Politics, Games for Change and Darfur


The Games for Change game Darfur is Dying was developed by graduate students (Susana Ruiz, Ashley York, Mike Stein, Noah Keating, Kellee Santiago) from the University of Southern California’s Interactive Media Program.
This piece of viral information was sponsored by MTV and Reebok and is a simple idea; run, hide, run, find water and get back to camp. The camp is structured to provide information about how it is to live in such a refugee camp. Probably similar to many such ‘storage’ places for displaced and hunted persons around the world (Tibetans, Congans, Palestinians, Burmese, Chechens, Zimbabweans…the list is long). This is my primary criticism of the game Darfur is Dying; if it is trying to place the player in a position of subjectivity in relation to the crisis in Darfur it does so in a very gentle way, such as with the third person graphic relation as the chosen avatar runs between bushes and rocks to get water. It is a long way to the water (5 kilometres!!) and the struggle comes through to the player by the long time it takes to find the water and get back, while not much else is happening on the screen (armed trucks approach slowly along the same trajectory each time). Being caught by the armed militias only results in a text screen, breaking the narrative of the game but giving the player contextual information on Darfur. The village gives us some idea of the horrible logistics of what is going on in the Darfur region of Western Sudan (a country that is no stranger to war, violence and suffering) but to gather a deeper perspective one must look elsewhere.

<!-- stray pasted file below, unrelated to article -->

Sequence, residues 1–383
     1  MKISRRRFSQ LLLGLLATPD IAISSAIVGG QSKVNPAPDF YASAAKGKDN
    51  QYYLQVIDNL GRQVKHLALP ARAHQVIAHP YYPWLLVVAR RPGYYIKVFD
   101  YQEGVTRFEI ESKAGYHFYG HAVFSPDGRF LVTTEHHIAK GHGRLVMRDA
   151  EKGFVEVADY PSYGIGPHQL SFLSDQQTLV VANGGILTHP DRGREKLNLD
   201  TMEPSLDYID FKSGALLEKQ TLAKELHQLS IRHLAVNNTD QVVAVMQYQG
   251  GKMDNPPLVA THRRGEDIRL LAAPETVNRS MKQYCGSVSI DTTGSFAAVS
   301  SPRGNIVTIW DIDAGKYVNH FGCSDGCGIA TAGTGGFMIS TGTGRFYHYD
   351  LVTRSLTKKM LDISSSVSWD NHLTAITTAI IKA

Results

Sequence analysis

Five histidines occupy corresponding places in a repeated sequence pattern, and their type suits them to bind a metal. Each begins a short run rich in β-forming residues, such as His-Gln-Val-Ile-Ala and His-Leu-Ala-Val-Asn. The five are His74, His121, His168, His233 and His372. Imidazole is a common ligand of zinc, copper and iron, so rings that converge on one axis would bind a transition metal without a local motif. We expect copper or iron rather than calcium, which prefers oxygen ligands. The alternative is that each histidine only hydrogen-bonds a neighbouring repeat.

However, I think the concept has some sound components to it. Using new media to spread awareness of social and political issues obviously has promise. The political and viral nature of Darfur is Dying and the Flash graphics reminds me of The Meatrix. It will never be a game played for fun, but it is perhaps a good introductory text to the topic (my knowledge of the Western Sudan, its history and peoples is not really extensive). This raises interesting issues on games as texts, information sources and learning objects.